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Old Times

Roundabout Theatre Company delivers a beguiling and hilarious revival of Harold Pinter's play about a reunion of old friends.

Clive Owen, Eve Best, and Kelly Reilly star in Harold Pinter's Old Times, directed by Douglas Hodge for Roundabout Theatre Company at the American Airlines Theatre.
(© Joan Marcus)

The late Nobel Laureate Harold Pinter is noted for the inscrutability of his plays, with perhaps none more opaque than Old Times, which is now receiving a Broadway revival from Roundabout Theatre Company at the American Airlines Theatre. While other playwrights obsess over plot and theme, Pinter has always seemed satisfied to let his audiences do that fretting for him. The result is a sustained dramatic tension persisting through a curtain of mystique. Under the deft direction of Douglas Hodge, Old Times casts its spell from the moment we enter the theater and refuses to relent until we leave.

Simultaneously hip and eerie, Thom Yorke's preshow music sounds like the ambient noise of a haunted cocktail lounge. The set solidifies this impression: A bar of top shelf liquor rises out of an obsidian crag. A wall of ice stands between two purple divans, its mere coolness justification enough for existing. Christine Jones' set looks like the latest Manhattan hotspot: CAVE, a spelunking-themed nightclub for the ultrawealthy and completely tasteless.

Japhy Weideman's lighting at the top of the show suggests we've indulged in a few too many designer martinis while there. The actors assume evocative tableaux between blinding flashes of light. These are the scant memories following a blackout during a particularly heavy night. A somewhat ridiculous cosmic swirl dominating the upstage wall hits us over the head with the strange, time-and-space-bending circumstances of the play: This is Pinter produced on the holodeck of the Starship Enterprise, where nothing is really as it seems.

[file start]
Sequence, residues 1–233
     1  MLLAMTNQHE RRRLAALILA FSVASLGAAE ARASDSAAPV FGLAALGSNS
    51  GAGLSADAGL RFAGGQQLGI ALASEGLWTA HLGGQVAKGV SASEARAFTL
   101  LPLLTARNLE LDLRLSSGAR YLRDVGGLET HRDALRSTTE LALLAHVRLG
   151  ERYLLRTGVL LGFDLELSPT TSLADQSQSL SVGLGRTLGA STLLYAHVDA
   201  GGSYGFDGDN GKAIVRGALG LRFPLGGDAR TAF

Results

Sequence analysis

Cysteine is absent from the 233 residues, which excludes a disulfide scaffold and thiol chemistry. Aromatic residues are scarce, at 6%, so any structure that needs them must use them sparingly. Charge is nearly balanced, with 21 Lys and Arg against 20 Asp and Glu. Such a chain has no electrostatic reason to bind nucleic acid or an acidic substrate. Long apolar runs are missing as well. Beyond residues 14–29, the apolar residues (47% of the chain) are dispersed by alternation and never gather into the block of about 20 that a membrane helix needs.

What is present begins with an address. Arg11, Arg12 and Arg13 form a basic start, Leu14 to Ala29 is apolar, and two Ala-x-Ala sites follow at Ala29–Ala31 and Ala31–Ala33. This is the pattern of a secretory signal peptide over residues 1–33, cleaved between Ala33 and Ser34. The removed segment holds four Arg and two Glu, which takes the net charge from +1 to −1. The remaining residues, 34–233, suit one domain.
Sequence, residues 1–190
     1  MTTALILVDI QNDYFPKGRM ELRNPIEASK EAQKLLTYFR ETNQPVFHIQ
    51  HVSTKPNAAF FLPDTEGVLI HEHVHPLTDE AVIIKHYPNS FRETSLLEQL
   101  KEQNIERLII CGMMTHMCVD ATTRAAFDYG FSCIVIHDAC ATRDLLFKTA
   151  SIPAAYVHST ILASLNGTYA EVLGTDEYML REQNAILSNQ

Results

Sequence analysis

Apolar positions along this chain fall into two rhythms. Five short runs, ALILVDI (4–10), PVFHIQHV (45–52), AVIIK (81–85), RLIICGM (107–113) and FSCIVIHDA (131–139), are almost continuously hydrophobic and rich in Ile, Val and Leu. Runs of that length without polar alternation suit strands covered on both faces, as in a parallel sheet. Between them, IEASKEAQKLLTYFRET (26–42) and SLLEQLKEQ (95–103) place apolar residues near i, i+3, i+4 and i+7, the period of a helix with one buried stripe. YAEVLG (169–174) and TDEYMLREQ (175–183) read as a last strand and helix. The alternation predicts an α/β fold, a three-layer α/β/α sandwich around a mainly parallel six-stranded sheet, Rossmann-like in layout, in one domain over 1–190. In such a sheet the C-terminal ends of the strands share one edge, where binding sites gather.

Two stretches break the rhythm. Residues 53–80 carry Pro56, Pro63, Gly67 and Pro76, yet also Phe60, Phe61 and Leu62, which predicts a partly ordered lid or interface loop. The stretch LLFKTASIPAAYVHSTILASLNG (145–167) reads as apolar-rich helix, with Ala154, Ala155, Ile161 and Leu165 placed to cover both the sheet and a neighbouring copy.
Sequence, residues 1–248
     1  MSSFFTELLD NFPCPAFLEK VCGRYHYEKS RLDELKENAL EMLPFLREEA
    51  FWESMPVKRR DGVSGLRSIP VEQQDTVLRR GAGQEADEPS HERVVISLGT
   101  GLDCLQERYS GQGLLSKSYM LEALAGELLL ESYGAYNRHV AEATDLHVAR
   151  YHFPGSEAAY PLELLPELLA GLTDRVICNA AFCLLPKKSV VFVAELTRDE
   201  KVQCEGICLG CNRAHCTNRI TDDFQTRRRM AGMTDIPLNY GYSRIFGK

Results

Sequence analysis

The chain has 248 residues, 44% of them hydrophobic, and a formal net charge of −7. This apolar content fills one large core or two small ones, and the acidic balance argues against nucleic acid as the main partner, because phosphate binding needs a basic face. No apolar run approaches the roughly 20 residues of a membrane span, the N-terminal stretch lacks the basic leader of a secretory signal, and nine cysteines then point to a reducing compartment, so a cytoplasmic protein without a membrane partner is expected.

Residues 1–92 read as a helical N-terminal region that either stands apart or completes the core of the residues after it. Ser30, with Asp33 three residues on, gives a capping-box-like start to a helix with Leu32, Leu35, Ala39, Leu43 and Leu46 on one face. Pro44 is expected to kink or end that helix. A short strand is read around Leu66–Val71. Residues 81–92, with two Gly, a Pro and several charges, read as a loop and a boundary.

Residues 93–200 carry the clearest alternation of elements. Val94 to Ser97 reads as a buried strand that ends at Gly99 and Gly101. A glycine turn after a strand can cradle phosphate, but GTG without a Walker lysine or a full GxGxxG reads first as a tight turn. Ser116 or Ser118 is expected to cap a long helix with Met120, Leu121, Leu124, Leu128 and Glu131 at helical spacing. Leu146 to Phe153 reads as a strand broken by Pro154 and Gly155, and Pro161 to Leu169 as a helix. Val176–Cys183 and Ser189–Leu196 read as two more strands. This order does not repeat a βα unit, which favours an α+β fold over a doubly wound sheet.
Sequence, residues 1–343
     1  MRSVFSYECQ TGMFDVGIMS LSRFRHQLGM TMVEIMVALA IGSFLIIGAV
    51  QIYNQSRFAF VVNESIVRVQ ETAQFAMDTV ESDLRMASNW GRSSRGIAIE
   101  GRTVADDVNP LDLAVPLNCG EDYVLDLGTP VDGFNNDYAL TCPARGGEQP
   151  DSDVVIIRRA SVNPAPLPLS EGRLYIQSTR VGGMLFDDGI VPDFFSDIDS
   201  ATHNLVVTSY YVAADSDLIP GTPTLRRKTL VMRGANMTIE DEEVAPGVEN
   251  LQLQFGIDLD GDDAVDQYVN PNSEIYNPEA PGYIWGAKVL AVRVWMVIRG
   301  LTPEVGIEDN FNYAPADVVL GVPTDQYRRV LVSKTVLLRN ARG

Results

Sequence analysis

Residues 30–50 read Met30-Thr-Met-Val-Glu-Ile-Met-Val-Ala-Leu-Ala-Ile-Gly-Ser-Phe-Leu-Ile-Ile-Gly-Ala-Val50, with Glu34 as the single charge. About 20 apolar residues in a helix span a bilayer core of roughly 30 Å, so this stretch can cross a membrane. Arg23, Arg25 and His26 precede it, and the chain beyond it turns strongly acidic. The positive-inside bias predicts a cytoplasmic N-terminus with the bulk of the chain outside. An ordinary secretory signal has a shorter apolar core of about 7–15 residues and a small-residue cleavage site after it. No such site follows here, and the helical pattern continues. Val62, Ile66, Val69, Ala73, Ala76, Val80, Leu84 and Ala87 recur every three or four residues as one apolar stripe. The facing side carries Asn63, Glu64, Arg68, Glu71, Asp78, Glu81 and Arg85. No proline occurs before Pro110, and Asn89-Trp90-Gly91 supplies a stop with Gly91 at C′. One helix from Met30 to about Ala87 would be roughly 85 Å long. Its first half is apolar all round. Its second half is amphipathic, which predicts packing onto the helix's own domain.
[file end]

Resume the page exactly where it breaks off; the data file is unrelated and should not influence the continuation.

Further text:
Deeley (Golden Globe winner Clive Owen in his Broadway debut) and Kate (Kelly Reilly, also making her Broadway debut) live in a converted English farmhouse not far from the sea. Anna (Drama Desk winner Eve Best), Kate's old roommate from their wild 20s in London, visits from Sicily where she now lives with her Italian husband. The three immediately begin reminiscing about old times over chicly transparent cups of coffee and generous snifters of brandy. No one seems to remember events in exactly the same way.

The unreliability of our three characters and their narratives offers a lot of room for the actors to play, which this stellar cast does with great relish. Best conveys Anna's deception through a breezy confidence and Mona Lisa-like smile. Reilly's Kate seems more oblivious…but is she? Clearly the two women have a deep, complicated relationship that strongly hints at suppressed sexual passion. When Kate suggests a walk in the park, Anna immediately launches into a tirade about all the dirty horrible men in the park. She strokes Kate's hair and says, "You'll only want to come home if you go out. You'll want to run home...and into your room..." Deeley makes it clear with his ravenous eyes that he wouldn't mind joining them there.

Owen's specific and committed performance adds layers of intrigue to an already bewildering script. His Deeley appears increasingly anxious when faced with this conspiracy of women. His working-class diction indicates a climb into Kate and Anna's posh sphere. His words betray a lingering discomfort about living there. Speaking of Anna's glamorous life on the Sicilian coast he imagines, "A lobster and lobster sauce ideology we know f*ck all about, the longest legs in the world, the most phenomenally soft voices." Soft voices? He's obviously never actually been to Sicily, despite his earlier claims to the contrary.

Hodge excels at drawing out the comedy in Pinter's script, which could be read as a sly satire of British mannerisms and social customs. Hodge kicks it into high gear, almost to a ludicrous extent. There's just so much repressed desire circulating the stage and none of these people seems capable of expressing what he or she actually wants.

A one-hour barrage of inexplicable subtext and furtive glances, Old Times sends the audience on its way with more questions than answers: Who are these people? What are they upset about? Are Kate and Anna lesbians? "I think it's a waste of time," Pinter once remarked to critic Mel Gussow concerning such post-show guessing games. For the playwright, tone and drama were far more interesting than the specific circumstances which might undergird them. Some critics will argue that this is an excuse from a lazy dramatist. In truth, however, it's a lot harder to sustain our attention without those things. This beautiful and bewildering production holds us enthralled from beginning to end.